- National Phlebotomy Association
- National Healthcareer Association (NHA)
- American Society for Clinical Pathology (ASCP)
- American Medical Technologists (AMT)
There are a few states that do call for certification prior to practicing as a phlebotomy tech, such as Nevada and California. California and a handful of other states even require licensing. So it’s essential that you choose a phlebotomy training program that not only offers a premium education, but also preps you for any licensing or certification exams that you elect or are required to take.
Online Phlebotomist Training
To begin with, let’s resolve one possible mistaken belief. You can’t receive all of your phlebotomist training online. A significant part of the program of studies will be clinical training and it will be carried out either in an approved healthcare facility or an on-campus lab. A large number of courses also require completing an internship prior to graduation. But since the non-practical portion of the training can be accessed online, it might be a more convenient alternative for many Clifton IL students. As an additional benefit, a number of online programs are more affordable than their on-campus competitors. And some costs, including those for textbooks or commuting, may be reduced as well. Just make sure that the online phlebotomist school you enroll in is accredited by a regional or national accrediting agency (more on accreditation to follow). With both the comprehensive clinical and online training, you can receive a premium education with this method of learning. If you are disciplined enough to learn at home, then earning your certificate or degree online might be the ideal option for you.
Topics to Ask Phlebotomy Colleges
Since you now have a basic understanding about what is involved in becoming a phlebotomist, it’s time to begin your due diligence process. You may have already selected the type of program you wish to enroll in, whether it be for a certificate or a degree. As we previously mentioned, the location of the campus is important if you will be commuting from Clifton IL in addition to the tuition expense. Maybe you have opted to enroll in an accredited phlebotomist online program. All of these decisions are a critical component of the process for selecting a phlebotomy program or school. But they are not the only considerations when making your decision. Following are several questions that you should ask about all of the schools you are considering before making your ultimate decision.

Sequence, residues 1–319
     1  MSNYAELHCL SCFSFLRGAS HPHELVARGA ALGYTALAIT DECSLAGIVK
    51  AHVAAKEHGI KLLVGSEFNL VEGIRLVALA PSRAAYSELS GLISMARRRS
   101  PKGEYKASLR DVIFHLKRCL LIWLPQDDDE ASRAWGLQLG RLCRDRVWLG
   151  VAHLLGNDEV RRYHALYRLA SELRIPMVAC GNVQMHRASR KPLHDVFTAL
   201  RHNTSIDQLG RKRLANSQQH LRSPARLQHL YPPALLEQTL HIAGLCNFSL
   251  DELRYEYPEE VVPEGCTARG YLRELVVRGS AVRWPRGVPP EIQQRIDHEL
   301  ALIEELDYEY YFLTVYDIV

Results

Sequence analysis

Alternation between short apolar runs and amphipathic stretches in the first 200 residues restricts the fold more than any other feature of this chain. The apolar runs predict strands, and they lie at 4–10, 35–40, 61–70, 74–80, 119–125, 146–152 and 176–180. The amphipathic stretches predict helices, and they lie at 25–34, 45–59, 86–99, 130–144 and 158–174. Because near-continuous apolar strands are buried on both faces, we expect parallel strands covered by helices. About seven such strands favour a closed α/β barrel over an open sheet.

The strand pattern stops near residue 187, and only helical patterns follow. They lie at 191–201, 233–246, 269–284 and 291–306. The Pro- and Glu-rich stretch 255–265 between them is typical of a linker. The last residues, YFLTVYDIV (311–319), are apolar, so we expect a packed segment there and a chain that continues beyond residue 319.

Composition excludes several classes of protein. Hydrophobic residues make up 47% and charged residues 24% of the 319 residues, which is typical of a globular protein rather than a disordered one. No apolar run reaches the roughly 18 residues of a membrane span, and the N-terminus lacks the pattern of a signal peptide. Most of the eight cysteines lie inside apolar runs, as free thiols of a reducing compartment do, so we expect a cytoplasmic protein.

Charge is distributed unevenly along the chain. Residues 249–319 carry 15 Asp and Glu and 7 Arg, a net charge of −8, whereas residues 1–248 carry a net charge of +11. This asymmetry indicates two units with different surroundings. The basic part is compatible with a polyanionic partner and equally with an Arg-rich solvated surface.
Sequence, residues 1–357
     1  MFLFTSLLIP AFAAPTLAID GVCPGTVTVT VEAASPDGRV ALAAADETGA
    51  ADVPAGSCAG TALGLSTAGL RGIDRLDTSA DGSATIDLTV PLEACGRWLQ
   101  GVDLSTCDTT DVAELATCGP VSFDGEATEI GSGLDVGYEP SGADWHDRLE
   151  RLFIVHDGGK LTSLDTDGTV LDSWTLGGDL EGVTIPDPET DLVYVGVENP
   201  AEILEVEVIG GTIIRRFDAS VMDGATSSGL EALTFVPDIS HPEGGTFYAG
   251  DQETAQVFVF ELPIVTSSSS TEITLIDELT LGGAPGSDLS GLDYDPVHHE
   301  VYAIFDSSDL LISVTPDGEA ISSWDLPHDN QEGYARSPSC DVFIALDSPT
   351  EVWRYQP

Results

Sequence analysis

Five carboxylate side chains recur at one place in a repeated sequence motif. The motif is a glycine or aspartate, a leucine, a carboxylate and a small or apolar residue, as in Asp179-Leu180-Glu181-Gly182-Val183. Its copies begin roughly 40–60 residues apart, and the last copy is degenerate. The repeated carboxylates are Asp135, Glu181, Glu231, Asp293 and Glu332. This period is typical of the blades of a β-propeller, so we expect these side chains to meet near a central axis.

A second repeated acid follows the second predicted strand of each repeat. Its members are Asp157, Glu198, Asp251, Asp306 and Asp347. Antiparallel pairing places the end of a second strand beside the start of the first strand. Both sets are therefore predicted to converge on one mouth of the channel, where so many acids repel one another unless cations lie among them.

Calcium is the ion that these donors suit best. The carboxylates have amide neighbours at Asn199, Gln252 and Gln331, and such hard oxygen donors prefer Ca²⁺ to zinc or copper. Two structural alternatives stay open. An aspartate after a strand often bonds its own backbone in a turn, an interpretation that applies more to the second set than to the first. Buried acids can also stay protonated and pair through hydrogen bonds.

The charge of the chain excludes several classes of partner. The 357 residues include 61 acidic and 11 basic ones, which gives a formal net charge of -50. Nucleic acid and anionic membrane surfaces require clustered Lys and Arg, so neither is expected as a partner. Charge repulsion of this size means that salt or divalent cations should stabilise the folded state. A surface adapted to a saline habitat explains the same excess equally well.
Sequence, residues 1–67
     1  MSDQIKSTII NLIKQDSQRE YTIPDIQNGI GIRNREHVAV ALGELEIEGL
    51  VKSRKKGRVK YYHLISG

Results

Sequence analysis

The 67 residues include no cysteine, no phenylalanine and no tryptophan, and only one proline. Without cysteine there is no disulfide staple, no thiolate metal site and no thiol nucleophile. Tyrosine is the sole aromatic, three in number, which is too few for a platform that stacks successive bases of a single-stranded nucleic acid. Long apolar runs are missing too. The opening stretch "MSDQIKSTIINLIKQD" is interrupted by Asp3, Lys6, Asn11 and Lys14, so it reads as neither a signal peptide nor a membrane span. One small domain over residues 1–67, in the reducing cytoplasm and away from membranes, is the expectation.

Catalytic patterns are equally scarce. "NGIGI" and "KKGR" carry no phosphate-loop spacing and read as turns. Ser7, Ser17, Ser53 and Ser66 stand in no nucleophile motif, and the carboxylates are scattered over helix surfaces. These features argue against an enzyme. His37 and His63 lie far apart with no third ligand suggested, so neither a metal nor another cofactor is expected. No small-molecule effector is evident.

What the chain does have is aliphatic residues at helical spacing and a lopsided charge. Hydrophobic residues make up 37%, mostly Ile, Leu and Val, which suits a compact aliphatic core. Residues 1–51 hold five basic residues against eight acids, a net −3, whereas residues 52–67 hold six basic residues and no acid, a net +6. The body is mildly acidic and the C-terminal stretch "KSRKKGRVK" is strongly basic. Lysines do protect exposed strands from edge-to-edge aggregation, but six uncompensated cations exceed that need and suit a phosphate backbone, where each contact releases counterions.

Is the Phlebotomist Program Specific to Illinois? As earlier discussed, each state has its own requirements for practicing as a phlebotomist. Several states require certification, while some others mandate licensing. Each has its own prerequisite regarding the minimum hours of clinical training completed prior to working as a phlebotomy tech. Consequently, you might have to pass a State Board, licensing or certification examination. Therefore it’s very important to enroll in a phlebotomist program that complies with the state specific requirements for Illinois or the state where you will be practicing and preps you for all examinations you may be required to take.
Is the School Accredited? The phlebotomy school and program you enroll in should be accredited by a respected regional or national accrediting organization, such as the National Accrediting Agency for Clinical Laboratory Sciences (NAACLS). There are a number of benefits to graduating from an accredited program aside from an assurance of a superior education. First, if your program has not received accreditation, you will not be able to take a certification examination administered by any of the previously listed certifying organizations. Also, accreditation will help in getting loans or financial assistance, which are often unavailable for non-accredited colleges. Last, earning a certificate or a degree from an accredited college can make you more desirable to potential employers in the Clifton IL job market.
What is the Program’s Reputation? In a number of states there is minimal or no regulation of phlebotomy schools, so there are some that are not of the highest quality. So along with accreditation, it’s essential to investigate the reputations of any colleges you are reviewing. You can start by asking the schools for references from employers where they place their graduates as part of their job assistance program. You can research online school rating and review services and solicit the accrediting agencies for their reviews also. You can also check with a few Clifton IL hospitals or clinics that you may have an interest in working for and find out if they can provide any recommendations. As a closing thought, you can contact the Illinois school licensing authority and ask if any complaints have been filed or if the colleges are in full compliance.